Brehm, who seems if anything a little prejudiced in favor of the cat, denies that they are false or vengeful, and says that everything depends on how they are treated and, though he emphasizes their attachment to the house, assures us that they can be almost as much attached to people.

Many cat lovers tell us the same, and I have also met cats which seemed almost more attached to people than places.

No doubt exceptional cats are capable of further domestication, but on the whole they remain amazingly independent and also the cruel and crafty hunter who will play with his living prey before eating it.

They are, after all, a small edition of big, fierce beasts of prey, and if one loves a cat, one must love it as is and not try to de-cat it.

In that respect they can teach us a lot in our relations to other human beings.

It is also a fact which Brehm ignores that the cat is almost universally associated with magic and witches.

The hook for this projection onto cats is probably the way that they, like serpents, with whom they have other similarities, can cast a sort of spell on their prey; a bird, for instance, is sometimes totally unable to fly away if it is caught in the spell of a cat’s eyes.

Cats are, of course, immensely useful in ridding us of mice.

Brehm tells us that Lehm made careful experiments and came to the conclusion that when mice were plentiful, every adult cat ate twenty mice a day on an average, i.e. 7,330 mice a year.

The majority of cats also rid us of rats though this requires more courage than every cat has.

Cats go wild, as you know, very much more easily than dogs and really take to the woods and become poachers of every kind of game that is not too large for them. In contradistinction to dogs, a cat can support itself at large for years.

On the other hand, a cat is one of the most cozy and relaxed animals that exist.

They are just cozy when it suits them, however, for they are undoubtedly the most independent of all our domesticated animals.

Kipling’s immortal title of the cat that walked by herself is eternally true of even the most domesticated cat.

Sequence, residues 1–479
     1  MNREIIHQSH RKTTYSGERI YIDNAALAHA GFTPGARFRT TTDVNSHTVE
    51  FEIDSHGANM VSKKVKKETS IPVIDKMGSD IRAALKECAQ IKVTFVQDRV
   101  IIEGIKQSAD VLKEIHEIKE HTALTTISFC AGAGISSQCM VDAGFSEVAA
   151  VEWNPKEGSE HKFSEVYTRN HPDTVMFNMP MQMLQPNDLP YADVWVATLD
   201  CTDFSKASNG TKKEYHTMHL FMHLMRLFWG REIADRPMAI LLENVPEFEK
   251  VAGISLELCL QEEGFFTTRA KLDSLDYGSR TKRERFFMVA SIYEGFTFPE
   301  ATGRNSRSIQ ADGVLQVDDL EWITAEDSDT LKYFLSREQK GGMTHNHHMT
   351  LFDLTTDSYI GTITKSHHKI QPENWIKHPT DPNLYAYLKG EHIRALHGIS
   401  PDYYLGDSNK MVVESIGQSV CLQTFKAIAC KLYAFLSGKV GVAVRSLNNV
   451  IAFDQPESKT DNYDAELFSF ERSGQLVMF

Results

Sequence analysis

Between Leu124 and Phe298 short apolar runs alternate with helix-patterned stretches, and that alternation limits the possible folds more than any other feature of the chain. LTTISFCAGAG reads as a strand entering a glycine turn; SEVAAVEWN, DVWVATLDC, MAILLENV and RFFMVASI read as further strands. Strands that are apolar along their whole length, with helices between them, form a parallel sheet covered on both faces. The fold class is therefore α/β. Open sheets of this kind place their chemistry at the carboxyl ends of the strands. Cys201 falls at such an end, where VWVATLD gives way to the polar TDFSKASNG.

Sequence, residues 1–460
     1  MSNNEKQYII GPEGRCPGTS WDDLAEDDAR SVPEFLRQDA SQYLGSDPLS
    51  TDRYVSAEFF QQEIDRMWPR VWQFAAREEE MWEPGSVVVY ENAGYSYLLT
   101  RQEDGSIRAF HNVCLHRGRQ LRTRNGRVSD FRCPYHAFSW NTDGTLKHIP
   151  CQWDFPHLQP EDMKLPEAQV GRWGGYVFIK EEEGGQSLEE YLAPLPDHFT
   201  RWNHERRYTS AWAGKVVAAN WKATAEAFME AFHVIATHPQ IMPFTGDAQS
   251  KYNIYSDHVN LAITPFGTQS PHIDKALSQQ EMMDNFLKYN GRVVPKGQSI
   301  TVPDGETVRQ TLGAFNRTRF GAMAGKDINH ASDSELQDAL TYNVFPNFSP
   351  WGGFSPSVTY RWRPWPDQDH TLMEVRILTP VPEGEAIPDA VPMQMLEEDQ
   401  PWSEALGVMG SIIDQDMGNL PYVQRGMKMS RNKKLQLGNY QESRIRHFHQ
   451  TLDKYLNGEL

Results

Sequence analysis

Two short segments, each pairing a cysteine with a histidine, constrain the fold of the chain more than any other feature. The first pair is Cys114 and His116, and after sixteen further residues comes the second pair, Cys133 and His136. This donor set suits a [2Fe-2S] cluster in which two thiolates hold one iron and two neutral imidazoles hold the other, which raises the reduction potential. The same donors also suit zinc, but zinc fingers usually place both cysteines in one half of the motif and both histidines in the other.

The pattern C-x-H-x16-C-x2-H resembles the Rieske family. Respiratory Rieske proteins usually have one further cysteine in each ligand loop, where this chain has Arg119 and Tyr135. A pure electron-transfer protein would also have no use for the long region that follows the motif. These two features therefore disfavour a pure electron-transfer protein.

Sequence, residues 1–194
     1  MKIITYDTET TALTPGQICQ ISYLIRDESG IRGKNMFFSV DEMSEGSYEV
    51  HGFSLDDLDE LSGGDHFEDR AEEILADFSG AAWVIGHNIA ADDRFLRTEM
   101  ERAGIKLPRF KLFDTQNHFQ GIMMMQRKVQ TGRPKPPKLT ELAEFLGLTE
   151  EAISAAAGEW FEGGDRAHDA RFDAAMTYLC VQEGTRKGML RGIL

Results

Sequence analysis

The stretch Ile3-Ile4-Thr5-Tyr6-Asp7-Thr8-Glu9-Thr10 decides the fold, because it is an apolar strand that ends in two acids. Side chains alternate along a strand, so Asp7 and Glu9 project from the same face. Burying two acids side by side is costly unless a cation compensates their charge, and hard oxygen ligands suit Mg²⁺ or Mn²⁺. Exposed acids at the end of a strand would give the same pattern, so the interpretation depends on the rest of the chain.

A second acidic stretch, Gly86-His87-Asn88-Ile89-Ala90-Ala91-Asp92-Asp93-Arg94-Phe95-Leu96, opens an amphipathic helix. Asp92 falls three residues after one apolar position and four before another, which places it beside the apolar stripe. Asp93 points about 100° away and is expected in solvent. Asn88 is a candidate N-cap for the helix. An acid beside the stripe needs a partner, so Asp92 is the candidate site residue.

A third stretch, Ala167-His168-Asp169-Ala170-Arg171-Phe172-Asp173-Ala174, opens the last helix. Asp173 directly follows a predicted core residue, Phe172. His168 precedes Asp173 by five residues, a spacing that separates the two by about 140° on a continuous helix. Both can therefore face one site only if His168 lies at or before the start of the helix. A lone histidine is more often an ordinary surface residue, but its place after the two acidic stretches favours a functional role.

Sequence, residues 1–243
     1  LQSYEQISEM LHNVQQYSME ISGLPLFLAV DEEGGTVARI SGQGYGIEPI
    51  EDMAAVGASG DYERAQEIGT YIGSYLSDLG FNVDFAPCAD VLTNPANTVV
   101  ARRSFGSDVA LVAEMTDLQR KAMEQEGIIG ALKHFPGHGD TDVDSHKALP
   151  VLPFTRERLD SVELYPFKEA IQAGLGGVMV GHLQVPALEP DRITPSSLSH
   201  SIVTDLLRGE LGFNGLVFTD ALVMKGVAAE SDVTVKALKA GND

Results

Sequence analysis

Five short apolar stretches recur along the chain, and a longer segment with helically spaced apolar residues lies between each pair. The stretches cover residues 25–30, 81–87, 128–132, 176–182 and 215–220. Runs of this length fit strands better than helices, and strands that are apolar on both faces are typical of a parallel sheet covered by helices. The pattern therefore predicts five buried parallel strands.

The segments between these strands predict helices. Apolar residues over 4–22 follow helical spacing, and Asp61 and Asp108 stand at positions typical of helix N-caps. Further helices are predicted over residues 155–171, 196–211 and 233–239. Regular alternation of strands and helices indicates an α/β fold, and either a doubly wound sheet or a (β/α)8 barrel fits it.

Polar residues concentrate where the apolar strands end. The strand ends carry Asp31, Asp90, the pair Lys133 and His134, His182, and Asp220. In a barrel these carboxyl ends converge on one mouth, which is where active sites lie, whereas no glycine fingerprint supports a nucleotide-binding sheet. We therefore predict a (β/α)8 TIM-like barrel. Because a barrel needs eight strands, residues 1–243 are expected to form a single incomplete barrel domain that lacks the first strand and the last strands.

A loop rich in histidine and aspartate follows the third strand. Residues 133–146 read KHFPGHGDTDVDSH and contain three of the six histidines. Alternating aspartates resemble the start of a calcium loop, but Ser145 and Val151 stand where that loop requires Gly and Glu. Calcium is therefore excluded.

We human beings easily regard them as false, for they change mood in what is to us an inexplicable way.

We might now attempt the cross hairs in our telescope as far as the actual cat, or our blind instinct that appears as a cat, is concerned.

I must emphasize once again, however, that the qualities, mainly taken from Brehm, I have attributed to cats in the following schema are already to a great extent human projections.

A cat is just a cat, a just-so story, that follows its nature all of a piece.

Whether it plays, hunts, sleeps, miaows, or purrs, it does so completely with the whole cat.

The qualities which we attribute to it are human impressions, even in this first series referring to actual cats.

The examples in the second series – mainly from mythology – are, of course, still more human projections, just as mythology and astrology always are.

Naturally the cat provides us with hooks – they fit into its nature.

As mentioned before, the fact that they are human projections is very helpful in finding out what they mean to us when we dream of them or have to analyze them in a patient’s dream.

Therefore, when we have established the main qualities of concrete cats – as we see them -we will go on to their mythology and then fit these aspects as well as we can into our scheme and finally try to see the psychological meaning of our

examples and thus get an idea of what the cat may represent in unconscious material.

Clearly we cannot separate all these headings at all sharply.

For instance, the mother cat can be just as, if not more, fierce and cruel than the hunter, and the cat that “walks by itself” and is intensely independent will also hunt when occasion arises. ~Barbara Hannah, The Cat, Dog, Horse Lectures, Page 65-67